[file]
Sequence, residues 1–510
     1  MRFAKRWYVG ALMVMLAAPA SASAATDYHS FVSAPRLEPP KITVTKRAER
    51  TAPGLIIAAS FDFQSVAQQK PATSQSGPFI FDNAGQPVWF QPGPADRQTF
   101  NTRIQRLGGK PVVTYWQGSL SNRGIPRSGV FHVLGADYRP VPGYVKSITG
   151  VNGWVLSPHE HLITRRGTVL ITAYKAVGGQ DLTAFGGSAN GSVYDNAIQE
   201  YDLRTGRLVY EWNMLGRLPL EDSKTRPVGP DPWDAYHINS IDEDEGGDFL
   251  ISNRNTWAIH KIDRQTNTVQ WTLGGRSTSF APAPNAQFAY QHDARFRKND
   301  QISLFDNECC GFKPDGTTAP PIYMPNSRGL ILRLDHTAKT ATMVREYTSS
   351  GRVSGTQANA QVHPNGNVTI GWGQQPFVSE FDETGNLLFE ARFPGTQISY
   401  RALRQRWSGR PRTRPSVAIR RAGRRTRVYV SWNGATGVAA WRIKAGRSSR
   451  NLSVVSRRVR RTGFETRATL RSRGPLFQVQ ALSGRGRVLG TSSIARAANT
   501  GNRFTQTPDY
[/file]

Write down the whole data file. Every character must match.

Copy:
Sequence, residues 1–510
     1  MRFAKRWYVG ALMVMLAAPA SASAATDYHS FVSAPRLEPP KITVTKRAER
    51  TAPGLIIAAS FDFQSVAQQK PATSQSGPFI FDNAGQPVWF QPGPADRQTF
   101  NTRIQRLGGK PVVTYWQGSL SNRGIPRSGV FHVLGADYRP VPGYVKSITG
   151  VNGWVLSPHE HLITRRGTVL ITAYKAVGGQ DLTAFGGSAN GSVYDNAIQE
   201  YDLRTGRLVY EWNMLGRLPL EDSKTRPVGP DPWDAYHINS IDEDEGGDFL
   251  ISNRNTWAIH KIDRQTNTVQ WTLGGRSTSF APAPNAQFAY QHDARFRKND
   301  QISLFDNECC GFKPDGTTAP PIYMPNSRGL ILRLDHTAKT ATMVREYTSS
   351  GRVSGTQANA QVHPNGNVTI GWGQQPFVSE FDETGNLLFE ARFPGTQISY
   401  RALRQRWSGR PRTRPSVAIR RAGRRTRVYV SWNGATGVAA WRIKAGRSSR
   451  NLSVVSRRVR RTGFETRATL RSRGPLFQVQ ALSGRGRVLG TSSIARAANT
   501  GNRFTQTPDY